But it is precisely divination that Francis himself demands: listening to the “voice of the Spirit” to receive the latest gnostic communiqué on how the Church must change in order to “receive newness.” Unlike Francis, the objects of his denunciation are not claiming to “divine” anything but rather, as Francis would have it, they stubbornly “cling to what has always been done.” Indeed, in the same breath Francis accuses his nameless targets of “obstinacy,” which he somehow concludes “is also the sin of idolatry: the Christian who is obstinate sins! The sin of idolatry!”

Divination! Obstinacy! Idolatry! Whatever! This meandering from one accusation of sin to another might well suggest a loss of reason. Francis is now blurting out incoherent invective against his own subjects because he perceives they will not go along with his various demands for “change” dictated by “the Spirit,” meaning by him. Moreover, since it is not the laity but the hierarchy that would have to implement Francis’s designs, the primary targets of his denunciations could only be the cardinals and bishops who do not agree with him on what “should change in order to be able to receive the newness of the Spirit”; it is they who are vile sinners immersed in divination, obstinacy and idolatry.

In the entire history of the papacy the Church has never witnessed such an embarrassing spectacle. Francis even goes so far as to cite Our Lord’s parable of new wineskins for new wine, as if to suggest that his plans for the Church are as momentous as Our Lord’s institution of the New Covenant and the passing away of the Old: “This is the message the Church gives us today. This is what Jesus says so forcefully: ‘New wine in new wineskins.’” An alarming grandiosity is plainly apparent.

Given the narrow limits of papal infallibility and the broad field of possible papal error when novelties are in question, it is obvious that at this point, barring a miraculous turnabout, Francis cannot be trusted in the exercise of the papal office. An increasingly irrational pontiff offers almost daily what John Rao has aptly described as “a tiresome rehash of arguments that have repeatedly been offered by the idolaters of change since the time of the Abbé de Lamennais [whose proto-Modernist works and philosophical system were denounced by Pope Gregory XVI].” The faithful sense that they must constantly be on guard against Francis’s acts and pronouncements.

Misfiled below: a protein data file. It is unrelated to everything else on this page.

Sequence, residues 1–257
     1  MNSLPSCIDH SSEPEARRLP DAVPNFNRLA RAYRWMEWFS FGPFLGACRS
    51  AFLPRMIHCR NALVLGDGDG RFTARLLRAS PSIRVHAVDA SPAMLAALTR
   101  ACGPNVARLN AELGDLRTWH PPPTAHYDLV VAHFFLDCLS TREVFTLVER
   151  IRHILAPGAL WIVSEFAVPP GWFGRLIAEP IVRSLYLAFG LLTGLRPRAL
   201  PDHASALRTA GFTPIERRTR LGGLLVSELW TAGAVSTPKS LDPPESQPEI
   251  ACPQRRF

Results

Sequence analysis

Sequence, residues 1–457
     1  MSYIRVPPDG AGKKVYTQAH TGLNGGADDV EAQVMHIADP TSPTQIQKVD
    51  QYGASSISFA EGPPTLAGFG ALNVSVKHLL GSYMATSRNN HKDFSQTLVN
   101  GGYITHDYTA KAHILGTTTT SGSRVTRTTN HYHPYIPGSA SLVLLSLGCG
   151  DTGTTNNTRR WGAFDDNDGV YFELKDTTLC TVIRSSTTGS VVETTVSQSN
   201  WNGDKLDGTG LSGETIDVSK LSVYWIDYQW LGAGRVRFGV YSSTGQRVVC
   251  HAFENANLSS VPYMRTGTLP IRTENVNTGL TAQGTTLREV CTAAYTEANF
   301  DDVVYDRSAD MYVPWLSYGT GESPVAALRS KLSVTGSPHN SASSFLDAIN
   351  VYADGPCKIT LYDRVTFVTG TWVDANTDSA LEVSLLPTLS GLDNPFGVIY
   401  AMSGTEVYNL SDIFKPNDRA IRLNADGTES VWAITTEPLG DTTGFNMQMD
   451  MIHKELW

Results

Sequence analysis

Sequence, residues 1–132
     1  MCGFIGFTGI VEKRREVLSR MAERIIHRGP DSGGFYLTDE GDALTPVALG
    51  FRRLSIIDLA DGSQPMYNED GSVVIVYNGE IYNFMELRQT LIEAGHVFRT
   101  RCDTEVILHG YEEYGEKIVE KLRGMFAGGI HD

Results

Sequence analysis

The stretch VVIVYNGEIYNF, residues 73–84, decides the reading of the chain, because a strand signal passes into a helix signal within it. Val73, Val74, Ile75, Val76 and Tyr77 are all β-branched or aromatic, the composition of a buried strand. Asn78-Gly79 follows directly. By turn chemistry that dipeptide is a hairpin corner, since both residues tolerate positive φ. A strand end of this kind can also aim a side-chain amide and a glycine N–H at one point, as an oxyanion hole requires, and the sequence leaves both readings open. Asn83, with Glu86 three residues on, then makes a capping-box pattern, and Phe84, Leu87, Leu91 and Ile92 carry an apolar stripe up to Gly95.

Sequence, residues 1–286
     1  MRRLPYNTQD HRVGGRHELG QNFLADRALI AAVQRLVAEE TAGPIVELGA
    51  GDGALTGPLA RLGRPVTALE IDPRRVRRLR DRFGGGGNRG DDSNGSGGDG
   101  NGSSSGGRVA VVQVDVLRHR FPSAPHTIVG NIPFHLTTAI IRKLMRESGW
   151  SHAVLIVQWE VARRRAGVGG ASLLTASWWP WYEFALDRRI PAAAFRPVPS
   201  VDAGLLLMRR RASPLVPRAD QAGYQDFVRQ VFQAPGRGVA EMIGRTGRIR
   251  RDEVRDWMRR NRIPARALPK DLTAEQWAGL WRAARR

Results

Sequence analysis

The way things are going, Francis bids fair to join Honorius in the Church’s historical judgment: a Pope posthumously condemned by an ecumenical council and his own successor because, like Honorius, although he never formally pronounced a heresy he “did not attempt to sanctify this Apostolic Church with the teaching of apostolic tradition, but by profane treachery permitted its purity to be polluted.” Francis’s ludicrous, blatantly seditious “Synod on the Family” would be Exhibit A in that regard.

This is no reason for despair, however, but rather for confidence in the promises of Christ. In the end, our divinely protected Church will right herself just as she has after every other crisis in her long history, even if the present one is arguably the worst of all.

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Last modified on Wednesday, January 20, 2016
Christopher A. Ferrara

Christopher A. Ferrara: President and lead counsel for the American Catholic Lawyers Inc., Mr. Ferrara has been at the forefront of the legal defense of pro-lifers for the better part of a quarter century. Having served with the legal team for high profile victims of the culture of death such as Terri Schiavo, he has long since distinguished him a premier civil rights Catholic lawyer.  Mr. Ferrara has been a lead columnist for The Remnant since 2000 and has authored several books published by The Remnant Press, including the bestseller The Great Façade. Together with his children and wife, Wendy, he lives in Richmond, Virginia.